The district court reasoned that it would be unfair to hold Van Dyn Hoven personally liable by not discharging the debt in bankruptcy as Section 523 was added to prevent individuals who failed to pay their taxes from obtaining a discharge from liability for such a debt by using unwitting creditors to substitute ordinary debt for a nondischargeable tax liability. The court stated that the bank offered no evidence that Van Dyn Hoven incurred the debt to pay the payroll taxes and there was no evidence that the bank acted unwittingly in continuing to extend credit to the corporation. Instead, there was evidence that the bank was aware of the corporation’s financial condition and that the bank carefully monitored the corporate checking account. That set of circumstances is clearly distinguishable from Cook, in which the responsible person used a personal credit card to pay his business’s payroll taxes three months before he and his wife filed for bankruptcy. In that case, the use of credit card debt, a dischargeable debt, was directly traceable to the payment of payroll taxes, a nondischargeable debt.
The district court stated that in Cook
the debtor was aware of the direct tax liability to the taxing authority which was immediately due and owing, and the debtor intentionally borrowed money in his own name for the purpose of paying taxes that were otherwise nondischargeable. Not so here, where the Bank extended credit to [the corporation]—not Van Dyn Hoven himself—for a variety of legitimate business purposes, including but not limited to the payroll taxes.25
The district court reversed and remanded the bankruptcy court and permitted the debt to be discharged in bankruptcy, thereby allowing Van Dyn Hoven to avoid personal liability for the corporation’s payroll taxes.
Warning for Taxpayers
Many failing businesses struggling to pay their bills often put off paying payroll taxes in favor of other creditors to assure continued supply of needed goods and services. Individuals responsible for paying the business’s bills may hope the business improves before the IRS catches up, or they may believe the payroll tax debt will be discharged in bankruptcy. These individuals often fail to realize that not only are the payroll taxes not dischargeable in bankruptcy, but they also may be held personally liable to the IRS for the trust fund recovery penalty.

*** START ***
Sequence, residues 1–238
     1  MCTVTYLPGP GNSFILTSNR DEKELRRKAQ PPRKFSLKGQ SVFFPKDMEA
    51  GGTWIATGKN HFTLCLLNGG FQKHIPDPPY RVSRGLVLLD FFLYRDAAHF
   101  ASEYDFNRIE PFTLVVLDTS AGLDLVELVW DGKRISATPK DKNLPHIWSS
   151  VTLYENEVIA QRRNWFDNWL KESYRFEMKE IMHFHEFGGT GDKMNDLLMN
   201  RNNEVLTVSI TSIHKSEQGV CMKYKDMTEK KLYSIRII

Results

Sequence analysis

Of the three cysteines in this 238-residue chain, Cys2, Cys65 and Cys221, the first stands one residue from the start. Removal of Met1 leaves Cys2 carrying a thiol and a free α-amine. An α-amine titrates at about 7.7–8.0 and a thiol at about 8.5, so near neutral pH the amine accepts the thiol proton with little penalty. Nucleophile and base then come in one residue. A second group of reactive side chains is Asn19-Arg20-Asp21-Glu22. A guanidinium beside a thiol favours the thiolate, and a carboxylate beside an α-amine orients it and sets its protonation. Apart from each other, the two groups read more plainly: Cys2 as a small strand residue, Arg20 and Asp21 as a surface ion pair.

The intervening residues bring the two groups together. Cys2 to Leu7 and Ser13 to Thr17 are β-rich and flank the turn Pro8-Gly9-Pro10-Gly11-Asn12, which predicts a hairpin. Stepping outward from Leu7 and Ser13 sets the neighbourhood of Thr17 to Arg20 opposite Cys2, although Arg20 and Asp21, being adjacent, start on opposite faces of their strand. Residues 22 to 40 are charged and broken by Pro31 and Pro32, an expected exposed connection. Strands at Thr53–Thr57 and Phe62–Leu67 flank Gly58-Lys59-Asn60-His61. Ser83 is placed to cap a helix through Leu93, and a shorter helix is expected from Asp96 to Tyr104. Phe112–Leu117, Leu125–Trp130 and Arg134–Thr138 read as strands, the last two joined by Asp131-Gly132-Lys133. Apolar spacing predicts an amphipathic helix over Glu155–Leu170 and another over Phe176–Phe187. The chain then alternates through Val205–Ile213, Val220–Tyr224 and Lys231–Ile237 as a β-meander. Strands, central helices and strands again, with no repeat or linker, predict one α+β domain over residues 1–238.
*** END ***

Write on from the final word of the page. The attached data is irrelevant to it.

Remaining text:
The likelihood of complications arising from the payment of nondischargeable payroll taxes with loans personally guaranteed by business owners increases as companies try to emerge from the financial crisis of recent years through their quest for business survival or through business or personal bankruptcy. Although the vast majority of cases on this subject have gone against the individuals, the Van Dyn Hoven case shows that individuals may avoid personal liability under the following set of circumstances:
- The debtor does not knowingly use borrowed funds in the ordinary course of business to pay payroll taxes;
- There is no evidence that a creditor unwittingly continues to extend credit to the corporation for the purpose of paying payroll taxes;
- The debtor does not use personal credit cards to pay payroll taxes;
- The debtor does not apply to a bank for a loan to pay payroll taxes; and
- The debtor does not intentionally substitute dischargeable (i.e., ordinary) debt for nondischargeable debt (e.g., payroll taxes).
Because of the factual nature of the inquiry, each situation must be evaluated on its own merits to determine whether a taxpayer can avoid liability.
Authors’ note: The research contained in this paper was supported, in part, by a summer research grant from the Frank G. Zarb School of Business at Hofstra University.
1 Secs. 3402 and 3501.
2 Sec. 6672(a).
3 Regs. Sec. 301.6672-1.
4 Sec. 6671(b).
5 White, 372 F.2d 513 (Ct. Cl. 1957).
6 Gustin, 876 F.2d 485 (5th Cir. 1989).
7 Kinnie, 994 F.2d 279 (6th Cir. 1993).
8 Ruth, 823 F.2d 1091 (7th Cir. 1987).
9 Bowlen, 956 F.2d 723 (7th Cir. 1992).
10 Scott, 702 F. Supp. 261 (D. Colo. 1988).
11 Pediatrics Affiliates, P.A., 230 F. Appx. 167 (3d Cir. 2007).
12 Labowitz, 352 F. Supp. 202 (S.D.N.Y. 1972); Rizzo, No. 71 S-1 (N.D. Ind. 1/4/73); Sinder, 655 F.2d 729 (6th Cir. 1981).
13 Marker, No. 70-1210 (E.D. Pa. 8/24/73); Bernardi, No. 70 C-3316 (N.D. Ill. 12/5/73); Kynell, No. C-72-481 SW (N.D. Cal. 1/24/74).
14 Stiber, No. 72-735 (E.D. Pa. 7/31/73); Borland, 125 F. Supp. 2d 212 (E.D. Mich. 2000); Leiter, No. 03-2149-GTV (D. Kan. 1/22/04); McLaren, No. CV-53-BU-RFC (D. Mont. 9/28/07).
15 Neier, 127 B.R. 669 (D. Kan. 1991); Beeler, T.C. Memo. 2009-266.
16 In re Lynch, 187 B.R. 353 (Bankr. N.D. Ala. 1995).
17 Farrington, 920 F. Supp. 12 (D.N.H. 1996).
18 Van Dyn Hoven v. Bank of Kaukauna, No. 12-C-0076 (E.D. Wis. 5/11/12), rev’g and remanding No. 10-28421 (Bankr. E.D. Wis. 11/3/11).
19 11 U.S.C. §523.
20 Van Dyn Hoven, No. 10-28421 (Bankr. E.D. Wis. 11/3/11).
21 White, 455 B.R. 141 (Bankr. N.D. Ind. 2011).
22 Cook, 416 B.R. 284 (Bankr. W.D. Va. 2009).
23 Stephenson, No. 07-10778-SSM (Bankr. E.D. Va. 11/30/07).
24 Van Dyn Hoven, No. 12-C-0076, slip op. at 9.
25 Id. at 10.
Steven Petra is the director of graduate programs in taxation in the Frank G. Zarb School of Business at Hofstra University in Hempstead, N.Y. Nina Dorata is an associate professor in the Peter J. Tobin College of Business at St. John’s University in Queens, N.Y. For more information about this article, contact Prof. Petra at firstname.lastname@example.org.